In this particular Wheal Jane project there is one house at 200 m (!) several within 400 m and many within 800m. Within the safe zone of 2 km there are 285 houses with approximately 1,000 inhabitants who may be affected.
I believe that Cornwall Council would be failing in its duty of care to these residents if it permits this development, knowing that these potential problems exist.
I would like to remind the Authority of the recognized and well documented problems at Bear Downs and at Carland Cross, where the two nearest residents were forced to move out of their homes and at least one of these residences is now derelict.
There is also the problem of loss of property value. Although this is probably not a material planning consideration, it is worth bringing to your attention, as there could be a breach of an individual’s right under the Human Rights Act 1998.
Article 1 of the First Protocol states:
“The protection of property gives every person the right to peaceful enjoyment of their possessions.
This imposes an obligation on the State not to:
- interfere with peaceful enjoyment of property;
- deprive a person of their possessions; or
- subject a person’s possession to control.
However, there will be no violation of this right if such interference, deprivation or control is carried out lawfully and in the public interest.”
However, what is considered to be in the public interest is often left to the Government to decide, but any interference must strike a fair balance between the demands of the general interests of the community and the requirements of the individual’s fundamental rights. A lack of appropriate compensation would be likely to be considered disproportionate if it was subsequently proven that house prices were badly affected by the location of a wind turbine. I would also argue that as over 100 local residents have objected to this proposed turbine (although we were only informed two weeks ago!), it is therefore not in the public interest.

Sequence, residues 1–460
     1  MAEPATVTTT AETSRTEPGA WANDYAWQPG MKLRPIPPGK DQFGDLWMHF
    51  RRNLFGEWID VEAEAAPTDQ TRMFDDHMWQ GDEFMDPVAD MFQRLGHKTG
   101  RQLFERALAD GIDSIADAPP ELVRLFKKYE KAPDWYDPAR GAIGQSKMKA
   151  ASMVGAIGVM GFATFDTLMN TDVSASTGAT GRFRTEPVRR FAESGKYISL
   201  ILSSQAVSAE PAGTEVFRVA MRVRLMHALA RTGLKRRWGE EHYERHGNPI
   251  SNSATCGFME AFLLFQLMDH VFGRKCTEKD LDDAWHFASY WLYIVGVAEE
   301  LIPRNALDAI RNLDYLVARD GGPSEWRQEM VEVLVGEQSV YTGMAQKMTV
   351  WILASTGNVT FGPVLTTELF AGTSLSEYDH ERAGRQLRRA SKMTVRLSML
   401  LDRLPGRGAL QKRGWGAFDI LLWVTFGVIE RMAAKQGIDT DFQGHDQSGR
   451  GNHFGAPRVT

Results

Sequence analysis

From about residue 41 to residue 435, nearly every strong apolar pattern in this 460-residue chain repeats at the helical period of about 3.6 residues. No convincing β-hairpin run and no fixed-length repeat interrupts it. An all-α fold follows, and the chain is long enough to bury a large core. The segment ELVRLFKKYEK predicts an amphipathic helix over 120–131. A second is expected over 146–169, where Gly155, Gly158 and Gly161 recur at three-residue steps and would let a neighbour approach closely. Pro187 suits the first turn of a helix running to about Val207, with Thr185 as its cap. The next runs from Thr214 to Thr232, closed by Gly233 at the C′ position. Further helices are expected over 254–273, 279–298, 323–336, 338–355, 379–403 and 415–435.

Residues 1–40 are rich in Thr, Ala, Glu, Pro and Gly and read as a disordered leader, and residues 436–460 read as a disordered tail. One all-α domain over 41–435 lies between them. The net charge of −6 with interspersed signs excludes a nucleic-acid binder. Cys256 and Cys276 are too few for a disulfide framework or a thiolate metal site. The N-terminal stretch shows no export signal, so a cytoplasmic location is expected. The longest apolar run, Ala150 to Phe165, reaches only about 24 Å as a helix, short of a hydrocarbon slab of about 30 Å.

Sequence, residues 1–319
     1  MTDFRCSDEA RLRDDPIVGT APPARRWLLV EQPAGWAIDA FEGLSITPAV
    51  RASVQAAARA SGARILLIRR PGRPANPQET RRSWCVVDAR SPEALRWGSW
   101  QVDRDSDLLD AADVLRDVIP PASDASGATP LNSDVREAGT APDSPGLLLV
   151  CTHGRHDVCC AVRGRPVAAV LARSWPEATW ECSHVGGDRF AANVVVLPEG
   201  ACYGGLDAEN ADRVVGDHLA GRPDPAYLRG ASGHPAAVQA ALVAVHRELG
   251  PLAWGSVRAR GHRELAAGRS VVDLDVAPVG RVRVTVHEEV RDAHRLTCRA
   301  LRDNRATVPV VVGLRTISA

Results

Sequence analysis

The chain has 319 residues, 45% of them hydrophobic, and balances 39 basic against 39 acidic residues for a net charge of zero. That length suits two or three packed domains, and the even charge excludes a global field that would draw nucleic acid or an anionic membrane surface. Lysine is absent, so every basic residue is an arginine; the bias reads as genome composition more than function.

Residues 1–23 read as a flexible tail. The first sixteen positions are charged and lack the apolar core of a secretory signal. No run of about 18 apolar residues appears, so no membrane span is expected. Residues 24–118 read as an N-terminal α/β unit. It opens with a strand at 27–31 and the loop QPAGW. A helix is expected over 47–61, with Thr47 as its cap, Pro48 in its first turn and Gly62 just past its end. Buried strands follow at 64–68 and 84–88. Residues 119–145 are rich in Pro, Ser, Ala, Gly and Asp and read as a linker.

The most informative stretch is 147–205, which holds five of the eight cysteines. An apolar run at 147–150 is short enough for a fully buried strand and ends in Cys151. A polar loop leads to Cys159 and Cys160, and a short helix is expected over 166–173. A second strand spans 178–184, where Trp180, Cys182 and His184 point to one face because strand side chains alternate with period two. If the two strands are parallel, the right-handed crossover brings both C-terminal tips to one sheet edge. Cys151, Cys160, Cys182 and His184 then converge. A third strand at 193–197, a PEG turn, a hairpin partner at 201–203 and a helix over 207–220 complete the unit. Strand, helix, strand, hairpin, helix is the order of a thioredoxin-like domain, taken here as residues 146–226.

I have serious concerns about the damage to the environment which the construction of this turbine may cause when drilling for the foundations disturbs the contaminated ground belonging to the mine works below.
I understand that the base of this turbine requires approx. 1000 tons of concrete to construct. The vehicles required for their delivery are very long and heavy. The access to this site is extremely narrow and has a number of very sharp corners.
The photomontages supplied with the application are misleading, and do not illustrate the reality of how this turbine will be visible, both from the local area andthe surrounding villages.
While I recognize that wind turbines may play a part in alternative energy production, there is a very real danger that in our haste to embrace this ‘clean’ technology, genuine concerns about noise pollution and it’s effects, are being ignored. I do not believe that the limited benefit of permitting a turbine of this size in such close proximity to such a large number of residences will outweigh the potential health risks it could create for so many residents.
There are too many assumptions made in the application and not enough hard evidence. Data that has been supplied is mostly generic, supplied by the manufacturer, and has not been corroborated by on-site measurements.
It is for these reasons that I recommend that Cornwall Council does not support this application.
Oliver William Eisma
Filed under: Wind Turbine Objection